Leading figures from the music world have paid tribute to Deep Purple founder member Jon Lord who has passed away at the age of 71, following a long battle against cancer.
Tuesday, 5 June 2012
Friday, 16 March 2012
The 'Growing The Beard' trope refers to the moment when a show starts to hit its stride after a slow start. It refers directly to 'Star Trek: The Next Generation' where the programme found its feet during its second season, coincidentally when (main character) Riker grew a beard. The same idea can be applied to bands as well, and in the case of US rockers Black Stone Cherry, they have definitely 'grown the beard' with the last album and current tour.
It wasn't until I saw them as special guests to Alter Bridge last autumn that I finally began to enjoy their gigs; I've seen them a number of times before, supporting major names such as Whitesnake and Nickelback, as well as headlining, and always felt that they lacked a certain 'something'. They couldn't be faulted for effort, nor talent (singer/guitarist Chris Robertson has one of the strongest voices on the rock scene today), and they had some excellent songs, but live - something didn't quite hit the spot for me and I always left their shows feeling that bit dissatisfied. All that changed on the Alter Bridge arena tour last October; their short set that night was heavy, hard and immensely satisfying. The only thing I did puzzle over was what had changed, they seemed not be be doing much different, it just clicked. So it was with interest I attended this show in Liverpool, wondering if they could carry that over into their own headlining tour.
The signs were good with the sold-out crowd really up for this show, when the band hit the stage they got things going with the hard-hitting 'Change' (I would guess their votes are going to the GOP this autumn!) from the current album 'Between The Devil And The Deep Blue Sea'. The set played featured most of the tracks from the latest album with choice cuts from their previous two scattered throughout the set. All through the set, they had a rowdy crowd cheering their every move (ok, apart from a few humorous boos directed at guitarist Ben Wells for his attempt at a Liverpool accent!) and they managed to get the crowd to sing the entire lyric of 'The Things My Father Said' , to the obvious delight of Chris Robertson. They played for just over an hour but packed a lot of songs (and a John Fred Young drum solo) into that time, barely pausing between songs and just getting on with it. Most of the set was the slammin' hard rock they've become known for, but mid-set the acoustics were broken out with Robertson saying that they haven't had the chance to do this before as support acts. During this section, they performed their own song 'Stay' before playing segments of other artists' songs. They opted to play a verse of Oasis's 'Champagne Supernova' (a brave move in Liverpool, perhaps they were not aware just how brave!); it went down well with much of the crowd singing, but once again a few Scouse boos could be heard! Following this, they did Adele's 'Rolling In The Deep' and Nirvana's 'Rape Me' before bringing back the electric axes. However, they demonstrated how acoustic could still be heavy with a brief thrash-about; of course the main source of the heavy was drummer John Fred Young, but they made their point!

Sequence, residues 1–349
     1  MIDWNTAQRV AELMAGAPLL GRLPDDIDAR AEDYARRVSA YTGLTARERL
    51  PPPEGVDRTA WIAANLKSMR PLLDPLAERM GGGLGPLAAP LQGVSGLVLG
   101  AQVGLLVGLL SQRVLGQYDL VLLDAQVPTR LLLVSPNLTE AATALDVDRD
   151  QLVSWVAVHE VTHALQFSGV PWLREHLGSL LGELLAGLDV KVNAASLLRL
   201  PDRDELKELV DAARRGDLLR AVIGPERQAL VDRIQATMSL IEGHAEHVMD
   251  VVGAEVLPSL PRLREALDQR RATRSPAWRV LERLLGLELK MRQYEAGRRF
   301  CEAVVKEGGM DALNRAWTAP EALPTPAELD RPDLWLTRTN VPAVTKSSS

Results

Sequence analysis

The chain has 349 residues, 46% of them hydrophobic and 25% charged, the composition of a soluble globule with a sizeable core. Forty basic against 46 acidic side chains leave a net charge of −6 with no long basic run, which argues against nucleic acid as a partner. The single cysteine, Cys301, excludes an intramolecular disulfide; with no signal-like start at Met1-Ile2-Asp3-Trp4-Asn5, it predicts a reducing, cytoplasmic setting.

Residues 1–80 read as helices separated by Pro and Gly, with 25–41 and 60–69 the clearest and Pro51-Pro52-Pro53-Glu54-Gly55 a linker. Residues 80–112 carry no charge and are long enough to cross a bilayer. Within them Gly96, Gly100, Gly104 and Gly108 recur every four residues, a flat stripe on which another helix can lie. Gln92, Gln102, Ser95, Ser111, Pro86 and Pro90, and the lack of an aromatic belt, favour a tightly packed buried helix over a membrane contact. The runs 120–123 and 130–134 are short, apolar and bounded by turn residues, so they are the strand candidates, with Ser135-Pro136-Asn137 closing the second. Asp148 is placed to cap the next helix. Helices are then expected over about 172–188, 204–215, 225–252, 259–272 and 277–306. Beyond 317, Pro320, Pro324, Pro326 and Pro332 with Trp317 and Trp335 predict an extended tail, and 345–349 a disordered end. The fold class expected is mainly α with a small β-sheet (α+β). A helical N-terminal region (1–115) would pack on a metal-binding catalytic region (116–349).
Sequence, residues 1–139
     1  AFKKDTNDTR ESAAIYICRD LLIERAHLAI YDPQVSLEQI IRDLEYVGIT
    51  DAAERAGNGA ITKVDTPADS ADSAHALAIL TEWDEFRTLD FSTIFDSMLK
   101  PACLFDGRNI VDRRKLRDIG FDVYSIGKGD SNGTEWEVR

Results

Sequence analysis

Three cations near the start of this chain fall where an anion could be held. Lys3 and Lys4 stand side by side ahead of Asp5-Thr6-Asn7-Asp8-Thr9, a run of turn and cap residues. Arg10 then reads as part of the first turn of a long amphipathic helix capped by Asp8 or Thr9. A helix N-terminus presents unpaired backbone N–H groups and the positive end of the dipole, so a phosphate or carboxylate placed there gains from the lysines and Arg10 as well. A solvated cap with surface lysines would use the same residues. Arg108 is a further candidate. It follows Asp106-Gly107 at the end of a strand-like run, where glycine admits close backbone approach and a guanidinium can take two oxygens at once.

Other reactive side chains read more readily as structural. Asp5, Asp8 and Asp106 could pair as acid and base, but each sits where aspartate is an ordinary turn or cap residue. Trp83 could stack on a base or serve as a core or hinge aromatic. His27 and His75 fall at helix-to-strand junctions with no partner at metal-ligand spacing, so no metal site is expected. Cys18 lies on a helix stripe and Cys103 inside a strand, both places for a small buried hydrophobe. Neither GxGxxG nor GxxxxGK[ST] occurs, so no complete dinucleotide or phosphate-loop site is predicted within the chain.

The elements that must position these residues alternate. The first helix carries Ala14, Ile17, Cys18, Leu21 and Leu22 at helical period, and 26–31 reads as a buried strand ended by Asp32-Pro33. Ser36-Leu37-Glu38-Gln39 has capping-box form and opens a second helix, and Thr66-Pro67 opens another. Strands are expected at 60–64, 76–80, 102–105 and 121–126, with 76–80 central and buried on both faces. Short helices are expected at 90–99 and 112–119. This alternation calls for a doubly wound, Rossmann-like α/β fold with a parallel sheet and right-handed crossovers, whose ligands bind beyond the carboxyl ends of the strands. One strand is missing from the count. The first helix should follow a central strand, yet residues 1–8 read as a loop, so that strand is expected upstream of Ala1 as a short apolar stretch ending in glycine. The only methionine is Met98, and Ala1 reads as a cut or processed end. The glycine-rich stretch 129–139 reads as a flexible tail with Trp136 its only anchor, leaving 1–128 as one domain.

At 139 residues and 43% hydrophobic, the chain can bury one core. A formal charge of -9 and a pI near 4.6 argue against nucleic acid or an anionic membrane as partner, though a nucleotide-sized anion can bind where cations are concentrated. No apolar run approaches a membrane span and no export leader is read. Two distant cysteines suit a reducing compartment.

All in all, the gig was an excellent one. I'm still at a loss to explain why it is they're now hitting the spot for me when they just weren't before, but there is no doubt they're now realising the talent they've always had. Despite the fact only Ben Wells actually has any sort of facial fuzz, metaphorically at least, this band has Grown The Beard and are now ready to step up to larger venues. Robertson said that the entire tour was sold out and was so knocked out by the crowd response, he pledged that their first gig in Liverpool would not be the last. I'll believe that when I see them pitch up in our city again in the future, but I know a large place by the river that could well see them perform in years to come.